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INTRODUCTION.

PERHAPS I ought not to say,– lest I should be set down as “a liberal,” “ a jacobin,” “a Napoleonist," "a discontented man," and what not,—that I have just read a little book, which the French government very wisely endeavours to keep out of the hands of its restless and fickle subjects. The work is, in fact, subversive of every religious principle; and, as such, has my unqualified disapprobation. Thus, then, I perfectly agree with the established

government under whose protection I am happy to live; and having declared the purity and loyalty of my opinions, religious and political,-though

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perfectly distinct, I here bring them together. In conformity to the custom of the times, I shall proceed to say how I was able to meet with the little forbidden volume in question.

A few nights ago, a soirée was given by my family, then living at After dancing a quadrille with Mademoiselle de — I led her to a great marble sideboard, on which a servant happened to have left a tray of refreshments. We sipped a glass of orgeat, and began looking over the books and newspapers that covered the table before us. The English newspaper naturally became the subject of conversation; and, taking it up from amongst the others, the young lady began reading it as follows: “GALIG-NANI'S “ MESS-ENGER—n'est pas que cela veut dire “ Messager de Galignani-is it not true it means 66 that?”

A reply in the affirmative, and a compliment on her cleverness, encouraged her to proceed. “ LONDON; je comprends cela-I 66 understand that; mais que peut donc signifier 66 tout ceci—but what can all this mean? WE AVE

DIS MORENING HAARD REEPORTS-ah, mon Dieu ! comment donc comprendre tout ce gali6 matias -how can one understand all that r nonsense ?" Before I had time to blame

my

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countrymen for speaking so unintelligible a language, the mother of the Demoiselle, a prudent, portly gentlewoman of five and fifty, (or perhaps less, far from me be the wish to slander her,) came up to the sideboard; “ Que fait tu, ma fille? 56 —what are you doing, child ?” she goodnaturedly asked; and seeing the MessenGER in her hands, said she had always wished for her daughter to learn English; and so we entered into a conversation on the possibility of acquiring its pronunciation—no bad subject of doubt, considering the sample we had had. Madame la Baronne de

was, however, a staunch Royalist; and though but one corner of it peeped out from amongst the books and other papers, she immediately recognised and drew forth the AMI DE LA CHARTE, the Opposition journal of that day's date. « Comment ! vous recevez ce journal affreux——what! do you “ take in this frightful paper ?” “ Ce n'est que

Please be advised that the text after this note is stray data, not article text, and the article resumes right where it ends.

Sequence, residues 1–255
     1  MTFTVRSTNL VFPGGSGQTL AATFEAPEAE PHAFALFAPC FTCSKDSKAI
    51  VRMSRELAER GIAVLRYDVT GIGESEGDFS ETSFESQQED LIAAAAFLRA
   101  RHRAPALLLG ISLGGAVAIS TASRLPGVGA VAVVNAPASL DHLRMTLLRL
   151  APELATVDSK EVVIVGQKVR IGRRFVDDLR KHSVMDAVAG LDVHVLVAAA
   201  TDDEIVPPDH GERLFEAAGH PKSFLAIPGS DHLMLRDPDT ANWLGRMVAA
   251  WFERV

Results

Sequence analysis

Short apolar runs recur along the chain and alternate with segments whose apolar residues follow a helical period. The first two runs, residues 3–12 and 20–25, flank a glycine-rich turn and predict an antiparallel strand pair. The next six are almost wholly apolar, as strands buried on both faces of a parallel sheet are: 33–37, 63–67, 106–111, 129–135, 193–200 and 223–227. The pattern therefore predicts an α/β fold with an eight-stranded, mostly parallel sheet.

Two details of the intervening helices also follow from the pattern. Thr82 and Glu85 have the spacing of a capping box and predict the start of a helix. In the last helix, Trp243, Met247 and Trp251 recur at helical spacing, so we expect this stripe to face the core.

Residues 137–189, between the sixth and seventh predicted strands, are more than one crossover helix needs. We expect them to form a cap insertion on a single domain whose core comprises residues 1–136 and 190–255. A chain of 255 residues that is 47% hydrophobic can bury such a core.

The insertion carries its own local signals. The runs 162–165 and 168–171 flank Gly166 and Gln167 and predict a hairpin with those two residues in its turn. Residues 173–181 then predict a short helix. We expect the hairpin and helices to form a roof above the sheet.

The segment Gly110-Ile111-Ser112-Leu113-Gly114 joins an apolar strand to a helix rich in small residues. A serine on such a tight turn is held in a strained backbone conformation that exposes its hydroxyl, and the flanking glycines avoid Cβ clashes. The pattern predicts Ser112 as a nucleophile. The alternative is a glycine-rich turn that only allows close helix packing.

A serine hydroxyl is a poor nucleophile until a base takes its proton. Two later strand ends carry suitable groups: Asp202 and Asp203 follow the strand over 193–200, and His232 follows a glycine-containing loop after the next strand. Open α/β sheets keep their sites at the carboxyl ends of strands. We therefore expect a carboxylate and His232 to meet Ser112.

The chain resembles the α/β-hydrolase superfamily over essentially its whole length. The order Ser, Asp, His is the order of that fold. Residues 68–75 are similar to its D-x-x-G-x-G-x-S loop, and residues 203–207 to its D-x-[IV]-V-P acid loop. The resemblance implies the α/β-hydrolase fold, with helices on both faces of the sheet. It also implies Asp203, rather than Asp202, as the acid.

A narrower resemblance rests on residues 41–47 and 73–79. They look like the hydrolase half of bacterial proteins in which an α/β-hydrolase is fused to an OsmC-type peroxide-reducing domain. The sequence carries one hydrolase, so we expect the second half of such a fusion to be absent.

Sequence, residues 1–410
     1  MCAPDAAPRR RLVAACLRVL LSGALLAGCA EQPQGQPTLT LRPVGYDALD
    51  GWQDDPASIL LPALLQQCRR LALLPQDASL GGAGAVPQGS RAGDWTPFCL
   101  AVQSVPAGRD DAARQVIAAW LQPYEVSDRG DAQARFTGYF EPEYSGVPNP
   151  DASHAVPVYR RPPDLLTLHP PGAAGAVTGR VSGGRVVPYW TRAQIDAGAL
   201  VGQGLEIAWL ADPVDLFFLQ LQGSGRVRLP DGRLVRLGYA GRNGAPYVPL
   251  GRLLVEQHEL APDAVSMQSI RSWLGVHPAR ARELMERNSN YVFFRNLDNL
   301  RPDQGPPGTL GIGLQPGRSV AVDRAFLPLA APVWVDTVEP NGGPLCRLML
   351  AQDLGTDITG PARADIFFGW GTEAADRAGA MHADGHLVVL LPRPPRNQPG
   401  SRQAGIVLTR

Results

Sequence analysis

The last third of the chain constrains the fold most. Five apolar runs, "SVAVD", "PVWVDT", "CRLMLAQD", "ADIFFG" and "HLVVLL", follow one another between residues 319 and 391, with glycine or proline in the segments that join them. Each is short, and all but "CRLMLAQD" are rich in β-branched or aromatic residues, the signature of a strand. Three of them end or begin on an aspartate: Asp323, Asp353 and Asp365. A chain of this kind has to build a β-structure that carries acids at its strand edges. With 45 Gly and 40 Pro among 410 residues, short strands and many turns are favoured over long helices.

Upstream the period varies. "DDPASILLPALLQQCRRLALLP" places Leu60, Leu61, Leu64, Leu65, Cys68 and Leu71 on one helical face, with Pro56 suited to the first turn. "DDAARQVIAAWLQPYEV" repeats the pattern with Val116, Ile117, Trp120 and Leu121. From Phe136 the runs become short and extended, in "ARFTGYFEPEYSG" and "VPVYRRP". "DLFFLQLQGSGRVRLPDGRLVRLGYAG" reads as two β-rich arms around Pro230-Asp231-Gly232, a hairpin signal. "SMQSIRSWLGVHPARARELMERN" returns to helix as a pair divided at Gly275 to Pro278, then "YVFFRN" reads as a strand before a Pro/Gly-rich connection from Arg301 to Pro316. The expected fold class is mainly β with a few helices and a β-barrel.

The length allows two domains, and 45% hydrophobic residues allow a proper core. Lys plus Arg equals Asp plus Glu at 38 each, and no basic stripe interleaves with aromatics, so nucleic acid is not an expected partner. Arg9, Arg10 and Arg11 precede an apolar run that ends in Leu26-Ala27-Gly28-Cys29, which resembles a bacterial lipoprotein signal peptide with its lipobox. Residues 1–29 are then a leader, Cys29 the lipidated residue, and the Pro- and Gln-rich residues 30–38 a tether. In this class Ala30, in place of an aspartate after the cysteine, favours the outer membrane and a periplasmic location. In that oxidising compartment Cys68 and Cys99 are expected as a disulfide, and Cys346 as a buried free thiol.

trop vrai, Madame—it is, indeed, too true," I insidiously replied. She, nevertheless, soon descended to a meeker and more conciliatory manner, and allowed that some of the Liberals were reasonable people, and were often right in what they maintained: she even went so far as

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to whisper that her own son was tainted with some of their notions..

We now returned to the AMI DE LA CHARTE, and looked over its columns in a less hostile mood. “ Here," said I, pointing to the bottom of a page, “is advertised a work which I have

never been able to meet with: I want to see “ the edition which caused the author to be sent “ to the prison of S. Pelagie, and not these “purified' volumes." Madame la Baronne smiled; but after a deal of probing, and with an air of great mystery, she told me that she believed her son had the true and genuine edition amongst his books; that he had bought it before it had been forbidden by the Police; and that if I would promise to keep it under lock and key, and never mention to any one that she had ever lent it to me, she would entrust me with it the first time I should call at her house.

So eager was I to gain possession of a book, which I had never mentioned to a real or pretended Royalist without seeing his whole features convulsed by an involuntary or affected shuddering of horror, that on the very next morning, at the earliest hour at which a visit could convenablenient be paid, I hastened to the

door of the Baronne, recalled to her the promise she had made me, and departing as soon as I had obtained my end, passed through the nearest gate of the town, turned my back on the sleeping police officer, (half afraid lest he should read guilt on my countenance,) and hastily gained a reighbouring field, in which the garrison of the place usually performed their military exercise. Here, seating myself on the uncovered root of a majestic, spreading walnut tree, I drew from my pocket the precious and fearful volume.

And, in the name of every thing that is fearful, “what is the title, what is the object, what are " are the contents, of this same volume ?” Such is, or at least-considering all the pains I have taken to work upon his curiosity—such ought to be, the question of the inquisitive reader; and I now intend to satisfy his very reasonable impatience.

On taking leave of the Baronne, I had not allowed myself sufficient time to examine it minutely; but nothing now prevented me from giving way to my eager curiosity. I was in the centre of a solitary field, reclining in the broad shade of the walnut tree, and defended by its wide, fresh green leaves, from the heat of an

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